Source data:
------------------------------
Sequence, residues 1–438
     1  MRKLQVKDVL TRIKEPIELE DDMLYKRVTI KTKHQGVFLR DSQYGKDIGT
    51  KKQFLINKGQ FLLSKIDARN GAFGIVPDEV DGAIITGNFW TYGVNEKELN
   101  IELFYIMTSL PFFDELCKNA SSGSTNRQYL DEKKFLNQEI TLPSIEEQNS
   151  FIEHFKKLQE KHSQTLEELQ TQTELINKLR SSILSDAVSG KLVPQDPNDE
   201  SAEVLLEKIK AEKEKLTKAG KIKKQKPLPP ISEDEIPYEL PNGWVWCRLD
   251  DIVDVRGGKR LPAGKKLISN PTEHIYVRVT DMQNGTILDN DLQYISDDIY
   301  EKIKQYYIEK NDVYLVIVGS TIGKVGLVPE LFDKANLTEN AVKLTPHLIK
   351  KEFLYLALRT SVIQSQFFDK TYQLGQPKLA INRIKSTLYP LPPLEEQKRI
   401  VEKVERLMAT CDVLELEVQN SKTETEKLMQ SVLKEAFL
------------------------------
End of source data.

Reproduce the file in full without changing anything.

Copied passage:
Sequence, residues 1–438
     1  MRKLQVKDVL TRIKEPIELE DDMLYKRVTI KTKHQGVFLR DSQYGKDIGT
    51  KKQFLINKGQ FLLSKIDARN GAFGIVPDEV DGAIITGNFW TYGVNEKELN
   101  IELFYIMTSL PFFDELCKNA SSGSTNRQYL DEKKFLNQEI TLPSIEEQNS
   151  FIEHFKKLQE KHSQTLEELQ TQTELINKLR SSILSDAVSG KLVPQDPNDE
   201  SAEVLLEKIK AEKEKLTKAG KIKKQKPLPP ISEDEIPYEL PNGWVWCRLD
   251  DIVDVRGGKR LPAGKKLISN PTEHIYVRVT DMQNGTILDN DLQYISDDIY
   301  EKIKQYYIEK NDVYLVIVGS TIGKVGLVPE LFDKANLTEN AVKLTPHLIK
   351  KEFLYLALRT SVIQSQFFDK TYQLGQPKLA INRIKSTLYP LPPLEEQKRI
   401  VEKVERLMAT CDVLELEVQN SKTETEKLMQ SVLKEAFL